Jesus’ final statement in Matthew 11:30 uses the imagery of bearing a burden: “For My yoke is easy and My burden is light” (NKJV).
Moses was delighted to see his father-in-law Jethro after Israel had left Egypt and crossed the sea. Read Exodus 18:13-22. What does bearing another person’s burden look like in this story?
Exodus 18:13 tells us that people came to Moses for judgments from morning until evening. When Moses’ father-in-law saw this, he earnestly pleaded with his son-in-law to establish a structure that would allow him to focus on the big things while trusting others to take care of the more mundane things. Scripture tells us that Moses listened to Jethro’s voice and implemented these life-giving changes.
When Jesus told us that His burden is light, He wanted to remind us that we can rely on Him, the ultimate Burden Bearer. Like Moses, we must learn that we need others to share our burdens. In 1 Corinthians 12:12-26, Paul’s imagery of the body of Christ offers a good illustration of what shared burdens may look like. We need a functioning body to be able to carry any weight. We need legs, arms, shoulders, muscles, and sinews to carry anything.
Read Galatians 6:2. How does bearing one another’s burdens help us fulfill the law of Christ?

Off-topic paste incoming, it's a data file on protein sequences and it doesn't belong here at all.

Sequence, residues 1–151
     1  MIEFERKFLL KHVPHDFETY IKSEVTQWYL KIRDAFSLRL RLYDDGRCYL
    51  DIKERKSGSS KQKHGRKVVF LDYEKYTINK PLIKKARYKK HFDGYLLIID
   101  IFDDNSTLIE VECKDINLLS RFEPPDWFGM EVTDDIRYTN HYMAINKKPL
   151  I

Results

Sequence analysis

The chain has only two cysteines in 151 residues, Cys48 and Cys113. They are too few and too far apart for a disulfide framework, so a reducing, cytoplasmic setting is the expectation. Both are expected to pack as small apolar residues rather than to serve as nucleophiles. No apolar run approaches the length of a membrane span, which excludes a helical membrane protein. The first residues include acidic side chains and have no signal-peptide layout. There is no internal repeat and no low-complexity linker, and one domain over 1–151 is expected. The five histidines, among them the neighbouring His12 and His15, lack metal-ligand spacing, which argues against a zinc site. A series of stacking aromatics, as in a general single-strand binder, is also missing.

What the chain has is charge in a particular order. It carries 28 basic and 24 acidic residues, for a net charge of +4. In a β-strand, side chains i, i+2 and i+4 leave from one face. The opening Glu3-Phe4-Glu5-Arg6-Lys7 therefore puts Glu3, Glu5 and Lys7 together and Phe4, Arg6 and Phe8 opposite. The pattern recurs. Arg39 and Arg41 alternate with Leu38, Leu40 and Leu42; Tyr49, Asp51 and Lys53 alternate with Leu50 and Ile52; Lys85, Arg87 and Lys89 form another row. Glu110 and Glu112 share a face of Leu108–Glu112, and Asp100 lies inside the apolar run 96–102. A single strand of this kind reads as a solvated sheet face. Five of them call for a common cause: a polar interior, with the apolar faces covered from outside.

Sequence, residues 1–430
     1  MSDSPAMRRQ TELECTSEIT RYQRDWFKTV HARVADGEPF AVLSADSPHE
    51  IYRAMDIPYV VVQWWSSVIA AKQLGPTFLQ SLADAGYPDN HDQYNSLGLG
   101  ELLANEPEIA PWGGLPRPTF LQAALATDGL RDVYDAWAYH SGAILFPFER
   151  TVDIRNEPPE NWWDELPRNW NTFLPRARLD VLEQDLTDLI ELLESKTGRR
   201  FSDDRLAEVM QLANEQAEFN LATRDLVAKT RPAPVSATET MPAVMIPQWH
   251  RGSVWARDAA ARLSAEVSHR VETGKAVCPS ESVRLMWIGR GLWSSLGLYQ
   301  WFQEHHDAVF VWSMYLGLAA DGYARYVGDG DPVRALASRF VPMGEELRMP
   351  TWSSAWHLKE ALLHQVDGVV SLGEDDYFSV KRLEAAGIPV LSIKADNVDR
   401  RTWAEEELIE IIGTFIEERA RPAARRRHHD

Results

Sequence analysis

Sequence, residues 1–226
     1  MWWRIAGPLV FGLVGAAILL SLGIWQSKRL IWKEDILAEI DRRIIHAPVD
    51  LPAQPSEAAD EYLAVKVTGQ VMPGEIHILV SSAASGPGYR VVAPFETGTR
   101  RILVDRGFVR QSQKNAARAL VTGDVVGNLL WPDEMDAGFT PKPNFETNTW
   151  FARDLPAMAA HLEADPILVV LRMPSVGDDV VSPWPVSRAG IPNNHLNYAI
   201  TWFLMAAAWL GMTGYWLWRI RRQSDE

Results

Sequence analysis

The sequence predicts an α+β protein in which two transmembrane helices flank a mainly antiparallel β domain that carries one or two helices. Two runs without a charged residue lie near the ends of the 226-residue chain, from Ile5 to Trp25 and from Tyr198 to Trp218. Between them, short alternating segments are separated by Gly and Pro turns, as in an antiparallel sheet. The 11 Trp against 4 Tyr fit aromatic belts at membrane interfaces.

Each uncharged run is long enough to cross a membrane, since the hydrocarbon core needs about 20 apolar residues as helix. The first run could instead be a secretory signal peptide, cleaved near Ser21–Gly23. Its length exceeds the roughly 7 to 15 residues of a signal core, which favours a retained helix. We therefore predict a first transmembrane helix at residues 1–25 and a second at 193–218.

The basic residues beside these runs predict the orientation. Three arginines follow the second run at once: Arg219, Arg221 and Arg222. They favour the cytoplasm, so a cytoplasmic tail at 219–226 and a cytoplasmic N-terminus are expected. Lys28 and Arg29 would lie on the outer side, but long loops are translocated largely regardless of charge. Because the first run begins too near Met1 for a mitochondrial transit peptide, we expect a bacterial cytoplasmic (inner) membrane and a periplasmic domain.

The immediate context of this passage may offer some help. In Galatians 6:1, Paul states that if a brother or sister falls into temptation, we are to restore that person in a spirit of gentleness (remember Jesus’ claim in Matthew 11:29 that He is gentle). Burden bearing means restoring someone who has gone off the track in order to help that person see divine grace. But it also means helping one another when we, or they, suffer hardship. The Greek term for “burden” can refer to a heavy weight or stone. It’s a reminder that we all carry burdens and that we all need those who can help us carry the burden. Burden-sharing is a divinely ordained church activity requiring gentleness and producing compassion.
|Think about the last time someone helped you carry a burden that you were struggling under. Why did that mean so much to you? Whose burden can you help carry now?|